15 some loss was expected here as well, even though Cisco Catalysts equipped with Supervisor 2 cards use a separate module for the switch fabric. The loss occurs because the line cards we used were not equipped with the Distributed Forwarding Card (DFC) daughtercards. As a result, packet headers are inspected by the active Supervisor Engine, which makes a centralized forwarding decision on behalf of the line cards. Thus, loss of a Supervisor card leads to momentary loss of forwarding capability in a no-dfc configuration. It is possible to achieve zero loss with Supervisor 2 cards when line cards are equipped with DFC daughtercards. The DFCs place an independent forwarding engine on the line cards, obviating the need for Supervisor lookups. Further, Cisco claims that there is zero packet loss with the Supervisor 720 in situations where the switch fabric is not in the data path in other words, where the ingress and egress for a flow are on the same side of the switch fabric. However, time constraints prevented us from verifying this claim. To demonstrate zero loss when DFCs are present, we reran the tests using three Cisco Catalysts with DFC-equipped 10-gigabit Ethernet line cards. The OSPF configuration was essentially the same as before, with each of 10 SmartBits interfaces advertising 1,000 routes. Also, as before, we offered 256-byte packets at a rate of 333,333 pps, so that each dropped packet represented 3 microseconds of failover time. This time, there was zero loss in the NSF/SSO failover case. This result demonstrates that NSF/SSO resiliency, when used in conjunction with DFC-equipped line cards, will result in no downtime for end-users, even during a Supervisor Engine card failure. Separately, we used each of three Cisco resiliency mechanisms in tests with DFCequipped cards to show the relative efficiency of each mechanism: Route processor redundancy plus (RPR+) Stateful switchover (SSO) NSF/SSO Table 2 below shows the failover times with the various redundancy mechanisms configured on the Cisco Catalyst switches. Note that NSF/SSO represents a massive improvement over SSO and RPR+. Table 2: Failover With Various Cisco Redundancy Methods Failover time Test case (seconds) RPR+ with Supervisor 2 and DFC-equipped line cards SSO with Supervisor 2 and DFC-equipped line cards NSF/SSO with Supervisor 2 and DFC-equipped line cards 0 Page 15 of 40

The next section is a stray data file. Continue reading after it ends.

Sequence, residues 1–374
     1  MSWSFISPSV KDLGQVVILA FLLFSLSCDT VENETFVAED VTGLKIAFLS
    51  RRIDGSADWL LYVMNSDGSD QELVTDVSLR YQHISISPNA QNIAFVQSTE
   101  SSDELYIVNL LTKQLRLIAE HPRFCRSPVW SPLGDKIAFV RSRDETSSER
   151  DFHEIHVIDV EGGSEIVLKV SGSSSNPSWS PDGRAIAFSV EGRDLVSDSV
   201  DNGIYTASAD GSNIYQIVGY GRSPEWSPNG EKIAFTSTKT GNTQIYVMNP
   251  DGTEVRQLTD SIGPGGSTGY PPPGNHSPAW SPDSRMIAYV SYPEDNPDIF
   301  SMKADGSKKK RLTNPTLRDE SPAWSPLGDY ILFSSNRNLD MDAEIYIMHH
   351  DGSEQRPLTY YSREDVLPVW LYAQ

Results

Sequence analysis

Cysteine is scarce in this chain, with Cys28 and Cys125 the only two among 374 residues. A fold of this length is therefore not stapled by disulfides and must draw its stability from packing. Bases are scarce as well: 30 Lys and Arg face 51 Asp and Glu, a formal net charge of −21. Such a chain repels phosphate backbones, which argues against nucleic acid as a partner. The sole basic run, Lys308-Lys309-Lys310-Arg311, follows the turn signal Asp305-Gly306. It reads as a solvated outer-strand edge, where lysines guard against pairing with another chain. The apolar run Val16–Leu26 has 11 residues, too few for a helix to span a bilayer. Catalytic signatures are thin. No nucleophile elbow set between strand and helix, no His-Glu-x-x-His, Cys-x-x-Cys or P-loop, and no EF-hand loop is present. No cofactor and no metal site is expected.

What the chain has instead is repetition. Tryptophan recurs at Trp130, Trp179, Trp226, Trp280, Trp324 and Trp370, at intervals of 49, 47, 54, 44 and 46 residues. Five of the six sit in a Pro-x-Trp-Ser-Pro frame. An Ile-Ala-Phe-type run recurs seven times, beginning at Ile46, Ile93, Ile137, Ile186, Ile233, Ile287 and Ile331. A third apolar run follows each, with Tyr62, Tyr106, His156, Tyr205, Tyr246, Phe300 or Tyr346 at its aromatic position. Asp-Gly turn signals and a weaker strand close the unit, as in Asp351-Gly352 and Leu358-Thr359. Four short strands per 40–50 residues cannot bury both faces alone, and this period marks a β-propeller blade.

16 Table 3 below summarizes OSPF NSF/SSO failover times for tests of Switches B and C, tested both with and without DFC-equipped line cards. Table 3: OSPF NSF/SSO Failover Times Failover time Test case (seconds) Switch B with Supervisor average failover time Switch C with Supervisor average failover time Switch C with Supervisor and DFC-equipped line cards, average failover time Although failover times were the primary metrics in this test, these were not the only measurements. We also sought to determine whether the system would continue to enforce the various other conditions related to QoS enforcement, policy-based routing, access control lists, unicast reverse path forwarding, and voice quality. To verify QoS enforcement, we captured packets on egress interfaces and examined their DSCPs. In all cases, the switches marked down the DSCP of out-of-contract packets from the initial value of 63 to a value of 40. To show the effects of the other traffic conditions, we configured the TeraRouting test application to classify packets into five groups. Figure 5 below shows results of this classification for one baseline test and three trials of the Supervisor 720 failover test. Page 16 of 40